In many ways, the Paris Fashion Week reiterated what Milan had already shown.. a little creative indulgence despite economic restraints. And it was the younger generation of designers who revelled in the zeitgeist, putting out frivolous creations that married practicality to pomp. Here’s a rundown of trends that you can make your own.
Back to back
Forget cleavage, the back is the new point of focus. Christian Dior framed the shoulder blades in pretty cutouts while Hiroko Koshino chose to highlight her gowns with oversized bows. Vivienne Westwood played naughty with crinoline dresses that soared in the back while Sonia Rykiel’s flapper gowns plunged to daring depths.
The return of the mini
The proverbial tightening of the belt will lead to a slimmer, trimmer you? With that silver lining, the mini has resurfaced as the length of choice at Barbara Bui, Paul and Joe and Jean-Charles de Castelbajac. Try yours on with thigh-high boots like Paul and Joe or the season’s heel-less platforms like Nina Ricci and Alena Akhmadullina. Not into showing too much skin? Opt for leggings à la Emmanuel Ungaro and Christian Lacroix .. or go shiny like the models at Elie Saab
When budgets curtail the use of embellishment, smart designers add flourish with prints. Dries Van Noten mixed dyed fur and geometric prints in black and white. Floral met plaid and zig-zagged into paint splashes at Kenzo.. Veronique Leroy’s giant floral motifs adding vibrancy to her simple silhouettes.. Esteban Cortazar bringing print fever down to his shoes for Emmanuel Ungaro.. Indian mad hatter Manish Malhotra looking towards the jungles with monkeys, lions and a stray stag running wild on the runway.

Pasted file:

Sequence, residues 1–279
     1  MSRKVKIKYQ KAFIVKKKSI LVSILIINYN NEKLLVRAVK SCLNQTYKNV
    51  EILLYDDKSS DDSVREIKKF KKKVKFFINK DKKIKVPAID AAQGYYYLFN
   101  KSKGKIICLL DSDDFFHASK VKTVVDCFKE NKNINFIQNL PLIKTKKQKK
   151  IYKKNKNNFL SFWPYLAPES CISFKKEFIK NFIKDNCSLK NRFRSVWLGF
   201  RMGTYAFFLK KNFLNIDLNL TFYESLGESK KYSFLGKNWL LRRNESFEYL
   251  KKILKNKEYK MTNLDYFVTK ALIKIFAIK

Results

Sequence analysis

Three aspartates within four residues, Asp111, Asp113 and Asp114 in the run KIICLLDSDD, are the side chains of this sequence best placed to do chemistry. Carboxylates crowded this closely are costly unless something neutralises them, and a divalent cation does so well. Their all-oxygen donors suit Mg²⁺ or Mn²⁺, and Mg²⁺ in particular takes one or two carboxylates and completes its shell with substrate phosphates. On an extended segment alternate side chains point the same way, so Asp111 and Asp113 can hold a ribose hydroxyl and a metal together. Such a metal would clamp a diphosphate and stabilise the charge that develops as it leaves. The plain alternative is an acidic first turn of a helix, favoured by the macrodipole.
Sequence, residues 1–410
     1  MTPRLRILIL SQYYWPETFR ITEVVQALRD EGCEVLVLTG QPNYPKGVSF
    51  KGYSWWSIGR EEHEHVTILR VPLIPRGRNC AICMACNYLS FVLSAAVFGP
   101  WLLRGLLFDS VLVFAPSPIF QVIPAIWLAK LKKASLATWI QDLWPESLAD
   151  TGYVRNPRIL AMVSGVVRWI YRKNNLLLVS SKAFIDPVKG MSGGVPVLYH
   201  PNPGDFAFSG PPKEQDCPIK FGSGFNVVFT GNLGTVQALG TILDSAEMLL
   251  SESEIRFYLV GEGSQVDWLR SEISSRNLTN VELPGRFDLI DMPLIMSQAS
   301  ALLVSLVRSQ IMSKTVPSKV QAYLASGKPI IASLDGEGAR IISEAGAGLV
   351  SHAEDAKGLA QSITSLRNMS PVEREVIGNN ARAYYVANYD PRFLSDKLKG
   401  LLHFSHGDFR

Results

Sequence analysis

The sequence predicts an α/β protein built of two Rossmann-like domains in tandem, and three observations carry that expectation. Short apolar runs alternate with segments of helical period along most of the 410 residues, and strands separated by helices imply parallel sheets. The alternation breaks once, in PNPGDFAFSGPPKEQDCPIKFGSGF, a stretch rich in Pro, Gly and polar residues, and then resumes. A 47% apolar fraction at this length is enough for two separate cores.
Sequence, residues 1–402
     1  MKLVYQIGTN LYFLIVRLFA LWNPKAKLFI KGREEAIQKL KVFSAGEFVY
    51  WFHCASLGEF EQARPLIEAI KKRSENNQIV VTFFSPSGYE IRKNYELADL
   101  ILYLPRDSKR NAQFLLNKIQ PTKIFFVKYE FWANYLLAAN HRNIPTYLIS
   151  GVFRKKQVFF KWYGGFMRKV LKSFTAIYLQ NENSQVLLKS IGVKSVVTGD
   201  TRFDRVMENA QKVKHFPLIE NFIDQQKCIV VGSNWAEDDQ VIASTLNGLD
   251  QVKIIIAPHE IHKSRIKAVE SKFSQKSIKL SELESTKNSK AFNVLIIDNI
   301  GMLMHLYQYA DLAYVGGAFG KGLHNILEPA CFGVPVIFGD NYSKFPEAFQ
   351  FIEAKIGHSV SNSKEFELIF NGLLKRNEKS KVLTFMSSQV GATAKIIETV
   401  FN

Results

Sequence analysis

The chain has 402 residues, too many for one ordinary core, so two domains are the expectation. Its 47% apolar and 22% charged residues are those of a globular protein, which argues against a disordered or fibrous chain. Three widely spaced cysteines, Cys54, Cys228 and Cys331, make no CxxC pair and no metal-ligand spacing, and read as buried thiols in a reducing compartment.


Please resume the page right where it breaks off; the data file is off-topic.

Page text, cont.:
Elegantly cut lace overlay found a way into almost every collection, best summed up in Stella McCartney’s romantic dresses. Jean Paul Gaultier took a bolder approach in his bondage-inspired gauze and net dresses, paired with fishnet stockings. John Galliano pulled a feather out of Mata Hari’s hat to present Russian spies in daring transparent capes and bejewelled body pieces. Colette Dinnigan created sequined designs on her lace panelled dresses while Guy Laroche went goth.
Strict v/s slouchy
The strict silhouette showed up repeatedly in the form of cinched waists, slim hips and tights leather pants. Hussein Chalayan’s army of femmebots wore leather armour with soft knit accents in skin-tight cuts. Olivier Theyskiens left nothing to the imagination at Nina Ricci with figure-hugging gowns while Jean Paul Gaultier drew inspiration from female aviators in leather jackets and opaque leggings in his collection for Hermès. Alexander McQueen favoured Victorian silhouettes but pulled a coup by createing the illusion of a perfect figure.
On the more forgiving side, Chloe put out high-waisted peg leg trousers while Vivienne Westwood layered and draped to hide any unsightly bulges. Rei Kawakubo mixed the volume for Comme des Garcons in a collection that can only truly be worn as separates. Wolfgang Joop caught the eye with flouncy skirts and Riccardo Tisci adorned his clothes for Givenchy with swirls and twirls.